Buffett upbeat on America and Berkshire

Billionaire Warren Buffett expressed his optimism for America and his company despite the pandemic that struck his businesses. In his widely read annual letter for shareholders released Saturday, he wrote, “Never bet against America.”

He also expressed his optimism for Berkshire. The company bought back a record of nearly $25 billion of its stock last year – signaling that investors have undervalued the conglomerate.

His businesses include auto insurer GEICO and the railroad BNSF, whose strong results helped lift quarterly operating income 14%. Gains in stocks like Apple drove the bottom line up 23%.

Curiously, Buffett did not specifically mention the pandemic in his letter even though it led to a loss of more than 31,000 jobs in Berkshire’s workforce.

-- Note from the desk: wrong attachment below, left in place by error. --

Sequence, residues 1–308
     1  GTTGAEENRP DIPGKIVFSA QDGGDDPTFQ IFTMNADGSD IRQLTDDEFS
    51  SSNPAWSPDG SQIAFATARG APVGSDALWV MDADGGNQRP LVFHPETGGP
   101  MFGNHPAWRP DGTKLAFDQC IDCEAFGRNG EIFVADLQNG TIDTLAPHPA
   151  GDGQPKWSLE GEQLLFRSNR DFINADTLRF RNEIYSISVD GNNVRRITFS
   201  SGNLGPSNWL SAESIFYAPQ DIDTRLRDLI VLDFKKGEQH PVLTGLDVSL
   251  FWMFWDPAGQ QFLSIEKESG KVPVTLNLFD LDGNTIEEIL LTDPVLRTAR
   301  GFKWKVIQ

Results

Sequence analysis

The health crisis also drained aerospace industry demand for parts, driving his company, Precision Castparts to cut more than 40% of its workers last year. Buffett admitted in the letter that he had overpaid when he shelled out $32 billion to buy it in 2016. He called that mistake “a big one.”

He also disclosed that Berkshire will hold its annual shareholders meeting this year in Los Angeles - not in Omaha, where tens of thousands of people gather every year for what the “Oracle of Omaha” calls the “Woodstock for Capitalists.”